Could you tell us about the tools available to the industry to be able to play an important role in the energy transition and sustainable technological development?
The insurance industry has its main tool, which are the insurance policies themselves. These must take into account the climate and environmental risks of the insured risk. These elements must be internalized when analyzing and establishing the contractual terms and conditions of the policies.
At the same time, the insurance industry also plays an important role as an investor and in making investment decisions, as well as in the sectors in which it decides to invest. It must analyze how these investments contribute to climate change, loss of biodiversity, pollution, etc. This requires a medium- and long-term vision.
“We cannot continue on the same path that has led us to the current situation”
Likewise, the insurance industry must establish clear and decisive insurance policies that take into consideration the protection of the climate system and the environment. Policies have already started to be put in place to encourage discontinuing the use of coal, but much more needs to be done. It must also be transparent and report all its environmental risks. Unfortunately, at present, not only the insurance industry, but many other sectors are not properly analyzing climate and environmental risks.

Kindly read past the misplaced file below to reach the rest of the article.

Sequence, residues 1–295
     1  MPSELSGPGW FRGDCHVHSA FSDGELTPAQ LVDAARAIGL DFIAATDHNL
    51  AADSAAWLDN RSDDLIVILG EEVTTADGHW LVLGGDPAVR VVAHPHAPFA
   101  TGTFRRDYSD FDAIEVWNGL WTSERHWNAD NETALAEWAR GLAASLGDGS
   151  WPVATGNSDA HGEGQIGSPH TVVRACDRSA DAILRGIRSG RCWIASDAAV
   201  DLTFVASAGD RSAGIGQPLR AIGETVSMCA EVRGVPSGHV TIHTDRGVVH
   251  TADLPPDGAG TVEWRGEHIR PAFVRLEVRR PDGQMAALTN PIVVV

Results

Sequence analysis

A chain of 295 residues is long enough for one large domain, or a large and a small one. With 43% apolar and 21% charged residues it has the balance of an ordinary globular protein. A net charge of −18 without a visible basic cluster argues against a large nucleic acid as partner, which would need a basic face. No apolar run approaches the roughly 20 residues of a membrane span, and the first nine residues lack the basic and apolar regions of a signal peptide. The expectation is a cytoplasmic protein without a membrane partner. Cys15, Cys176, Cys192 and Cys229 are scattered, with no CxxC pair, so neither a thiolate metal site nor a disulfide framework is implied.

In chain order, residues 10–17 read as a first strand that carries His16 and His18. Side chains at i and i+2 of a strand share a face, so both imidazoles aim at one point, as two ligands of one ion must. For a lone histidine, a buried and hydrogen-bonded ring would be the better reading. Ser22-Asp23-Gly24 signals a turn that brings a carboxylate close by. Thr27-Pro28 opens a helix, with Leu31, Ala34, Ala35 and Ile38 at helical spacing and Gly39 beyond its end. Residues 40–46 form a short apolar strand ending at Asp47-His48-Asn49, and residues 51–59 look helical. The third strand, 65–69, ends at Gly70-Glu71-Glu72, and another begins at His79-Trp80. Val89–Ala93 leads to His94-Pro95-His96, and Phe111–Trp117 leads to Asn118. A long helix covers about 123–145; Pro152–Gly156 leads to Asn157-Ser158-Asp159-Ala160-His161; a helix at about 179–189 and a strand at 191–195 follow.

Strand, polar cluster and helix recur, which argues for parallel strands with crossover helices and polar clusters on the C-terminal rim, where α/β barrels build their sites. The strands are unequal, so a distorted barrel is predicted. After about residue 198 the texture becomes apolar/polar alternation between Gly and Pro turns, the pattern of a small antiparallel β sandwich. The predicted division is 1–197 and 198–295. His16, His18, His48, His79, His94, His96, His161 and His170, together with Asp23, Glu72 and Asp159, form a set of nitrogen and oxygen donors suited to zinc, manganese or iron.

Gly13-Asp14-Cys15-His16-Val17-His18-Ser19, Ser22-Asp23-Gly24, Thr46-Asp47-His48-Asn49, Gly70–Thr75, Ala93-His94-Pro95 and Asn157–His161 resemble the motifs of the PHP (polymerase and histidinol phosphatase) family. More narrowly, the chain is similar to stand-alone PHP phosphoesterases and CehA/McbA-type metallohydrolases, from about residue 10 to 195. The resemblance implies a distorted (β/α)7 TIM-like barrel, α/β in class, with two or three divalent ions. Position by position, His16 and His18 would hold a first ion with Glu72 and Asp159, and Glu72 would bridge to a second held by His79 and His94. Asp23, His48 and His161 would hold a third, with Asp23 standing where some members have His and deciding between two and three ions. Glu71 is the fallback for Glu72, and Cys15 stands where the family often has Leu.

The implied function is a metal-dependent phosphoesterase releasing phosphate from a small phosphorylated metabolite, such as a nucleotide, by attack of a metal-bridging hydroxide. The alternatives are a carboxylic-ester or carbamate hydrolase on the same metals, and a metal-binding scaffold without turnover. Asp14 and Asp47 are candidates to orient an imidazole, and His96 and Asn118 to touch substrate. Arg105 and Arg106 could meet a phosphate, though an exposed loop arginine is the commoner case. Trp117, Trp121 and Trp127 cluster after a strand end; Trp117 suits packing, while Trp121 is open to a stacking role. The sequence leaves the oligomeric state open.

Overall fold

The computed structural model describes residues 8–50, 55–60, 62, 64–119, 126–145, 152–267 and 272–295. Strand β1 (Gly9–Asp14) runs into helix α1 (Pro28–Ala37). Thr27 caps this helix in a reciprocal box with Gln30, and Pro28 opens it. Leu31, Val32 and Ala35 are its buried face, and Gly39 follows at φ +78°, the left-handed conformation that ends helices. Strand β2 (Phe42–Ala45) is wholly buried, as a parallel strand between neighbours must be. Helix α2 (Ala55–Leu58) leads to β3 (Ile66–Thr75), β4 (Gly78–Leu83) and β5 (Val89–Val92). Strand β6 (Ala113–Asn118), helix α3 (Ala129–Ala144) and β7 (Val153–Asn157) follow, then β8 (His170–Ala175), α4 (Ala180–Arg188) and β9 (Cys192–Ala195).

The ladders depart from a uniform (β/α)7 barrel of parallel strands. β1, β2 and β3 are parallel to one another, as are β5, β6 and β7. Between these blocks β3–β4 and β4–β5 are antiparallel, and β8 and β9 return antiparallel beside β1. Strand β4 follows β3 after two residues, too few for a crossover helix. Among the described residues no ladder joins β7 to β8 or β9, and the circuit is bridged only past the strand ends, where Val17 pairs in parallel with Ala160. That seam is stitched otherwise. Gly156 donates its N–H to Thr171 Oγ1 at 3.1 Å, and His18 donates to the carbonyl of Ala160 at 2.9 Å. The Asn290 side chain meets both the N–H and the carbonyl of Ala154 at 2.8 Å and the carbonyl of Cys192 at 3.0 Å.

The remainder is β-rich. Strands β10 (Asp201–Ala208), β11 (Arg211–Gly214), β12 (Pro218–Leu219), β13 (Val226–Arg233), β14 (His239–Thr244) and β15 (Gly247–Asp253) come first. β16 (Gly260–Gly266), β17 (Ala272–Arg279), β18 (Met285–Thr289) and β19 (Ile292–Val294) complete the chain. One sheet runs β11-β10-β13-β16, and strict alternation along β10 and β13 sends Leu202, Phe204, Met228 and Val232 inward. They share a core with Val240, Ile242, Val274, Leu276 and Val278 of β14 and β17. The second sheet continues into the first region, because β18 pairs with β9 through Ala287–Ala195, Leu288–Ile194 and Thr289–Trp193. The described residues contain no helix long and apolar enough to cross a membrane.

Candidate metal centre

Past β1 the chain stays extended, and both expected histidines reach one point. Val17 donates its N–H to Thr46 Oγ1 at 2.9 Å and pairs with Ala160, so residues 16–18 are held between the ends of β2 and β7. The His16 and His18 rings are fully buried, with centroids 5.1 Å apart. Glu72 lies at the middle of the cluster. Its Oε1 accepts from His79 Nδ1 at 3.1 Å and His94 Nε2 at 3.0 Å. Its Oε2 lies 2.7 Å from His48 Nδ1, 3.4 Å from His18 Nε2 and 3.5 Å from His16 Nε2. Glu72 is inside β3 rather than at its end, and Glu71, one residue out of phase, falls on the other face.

Finally, I consider it essential that insurers establish Climate Action Plans as required by the Spanish Climate Change and Energy Transition Act.
What measures can be taken to minimize the risks and costs associated with the energy transition?
The best measure is to drive decarbonization through its activity, given that the greatest risk and cost is climate and environmental degradation, together with the tools I have just described.
What are the regulatory challenges insurers face when engaging in the energy transition?
There are always regulatory risks. It is a fact that we are in a transition and that regulatory changes are occurring faster than a few decades ago. Therefore, it is essential to have well-trained teams in matters of climate change and energy transition that are able to foresee those changes in order to be prepared.
What challenges does the industry face in the medium- and long-term and how can they be successfully overcome?
I believe that one of the biggest challenges in the industry and in many other industries is the lack of personnel trained to understand climate and environmental issues in depth, issues that are complex, in order to design products and policies in line with the physical reality. This can be improved with generational replacements. At the same time, another challenge is resistance to change, which is very human but transcends corporations. We are in times of transition and uncertainty, but we must make decisions that generate profound changes, because we cannot continue on the same path that has led us to the current situation.
Ana Barreira is a lawyer and founding Director of the International Institute of Law and Environment (IIDMA). Master’s in International Law Studies (New York University) and Environmental Law (London University).
She was legal advisor to the Spanish Presidency of the European Union in 2002 and has worked as an international consultant on projects for the World Bank and the European Commission. She is an assistant professor at the IE School of Politics, Economics and Global Affairs.